Prof. Bo-Wen Shen (February 18, 2022, 09:30-11:00)

Affiliation San Diego State University, USA
Title Coexisting Chaotic and Non-chaotic Attractors, Multistability, Multiscale Instability, and Predictability within Lorenz Models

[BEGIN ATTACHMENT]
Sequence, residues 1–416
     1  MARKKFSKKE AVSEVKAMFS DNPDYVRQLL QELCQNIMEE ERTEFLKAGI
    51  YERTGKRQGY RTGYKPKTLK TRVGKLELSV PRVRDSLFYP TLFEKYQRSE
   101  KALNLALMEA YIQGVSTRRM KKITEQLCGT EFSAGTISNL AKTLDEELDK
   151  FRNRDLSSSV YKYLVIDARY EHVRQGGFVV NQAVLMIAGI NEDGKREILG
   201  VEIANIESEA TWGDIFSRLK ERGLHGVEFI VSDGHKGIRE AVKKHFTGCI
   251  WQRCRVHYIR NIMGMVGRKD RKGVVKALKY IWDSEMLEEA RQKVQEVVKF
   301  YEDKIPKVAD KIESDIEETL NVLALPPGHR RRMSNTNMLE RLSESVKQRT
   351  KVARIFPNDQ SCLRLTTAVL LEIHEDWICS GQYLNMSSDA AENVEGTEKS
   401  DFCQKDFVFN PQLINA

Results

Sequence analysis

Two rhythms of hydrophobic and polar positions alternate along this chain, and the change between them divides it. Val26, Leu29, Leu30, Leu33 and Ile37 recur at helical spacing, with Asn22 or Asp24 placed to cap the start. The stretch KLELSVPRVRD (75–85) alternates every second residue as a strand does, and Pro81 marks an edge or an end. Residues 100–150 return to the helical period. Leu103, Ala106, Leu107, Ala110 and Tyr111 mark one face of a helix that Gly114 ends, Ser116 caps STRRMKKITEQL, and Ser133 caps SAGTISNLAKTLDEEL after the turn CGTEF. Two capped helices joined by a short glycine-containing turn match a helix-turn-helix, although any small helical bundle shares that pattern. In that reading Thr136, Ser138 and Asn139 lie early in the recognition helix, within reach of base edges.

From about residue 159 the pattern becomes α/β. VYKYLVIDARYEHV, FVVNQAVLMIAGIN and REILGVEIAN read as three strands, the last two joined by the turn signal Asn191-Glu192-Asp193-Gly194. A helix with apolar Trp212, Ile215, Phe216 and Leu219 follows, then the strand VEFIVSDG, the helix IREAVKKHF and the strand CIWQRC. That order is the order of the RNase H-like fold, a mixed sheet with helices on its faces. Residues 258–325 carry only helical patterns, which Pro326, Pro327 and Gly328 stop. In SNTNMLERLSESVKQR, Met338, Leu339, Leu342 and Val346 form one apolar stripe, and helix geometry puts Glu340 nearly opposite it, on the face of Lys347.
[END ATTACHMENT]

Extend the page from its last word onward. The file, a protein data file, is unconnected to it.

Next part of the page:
Following Lorenz’s studies (Lorenz 1963, 1969, 1972), deterministic, chaotic solutions, and closurebased, linearly unstable solutions have been an explicit and/or implicit focus for understanding predictability in weather and climate. For this talk, I will first provide the physical relevance of findings within Lorenz models for real world problems by showing mathematical universality between the Lorenz and Pedlosky models (Shen 2021), as well as amongst the non-dissipative Lorenz model and the Duffing, the Nonlinear Schrodinger, and the Korteweg–de Vries equations (Shen 2020). Using the classical Lorenz 1963 (L63), 1969 (L69), and generalized Lorenz models (GLM) (e.g., Lorenz 1963, 1969; Shen 2014-2019), I will then discuss monostability (for single type solutions), multistability (for two kinds of attractor coexistence), multiscale instability, and predictability in support of the revised view that “weather possesses chaos and order; it includes emerging organized systems (such as tornadoes) and recurrent seasons” (Shen et al. 2021a, b, 2022). Additional details for monostability and multistability will be provided by applying skiing and kayaking as an analogy. Based on the perspective of dynamical systems, I will also provide comments on the conceptual model of a chain process. The above findings are applied in order to revisit a conceptual model for illustrating the predictability dependence of medium-scale processes on the modulation of large-scale processes and aggregated feedback by small-scale processes. Examples from earlier studies, published by myself and collaborators, have examined the relationship between: (1) Tropical Cyclone (TC) Nargis (2008) and an equatorial Rossby wave (Shen et al. 2010a); (2) Twin TCs (2002) and a mixed Rossby gravity wave (Shen et al. 2012) during an active phase of a Madden–Julian oscillation (MJO); (3) Hurricane Helene (2006) and an intensifying African Easterly Wave (Shen et al. 2010b; Wu and Shen 2016; Shen 2019b); and (4) Hurricane Sandy (2012) and upper-level tropical waves associated with a MJO (Shen et al. 2013a; Shen et al. 2016). The 3rd case will be discussed in this talk. At the end of the talk, I will discuss new opportunities and challenges in predictability research, including computational chaos and saturation dependence on various types of solutions for improving our understanding of the butterfly effect and predictions at extended-range time scales, including subseasonal to seasonal time scales.

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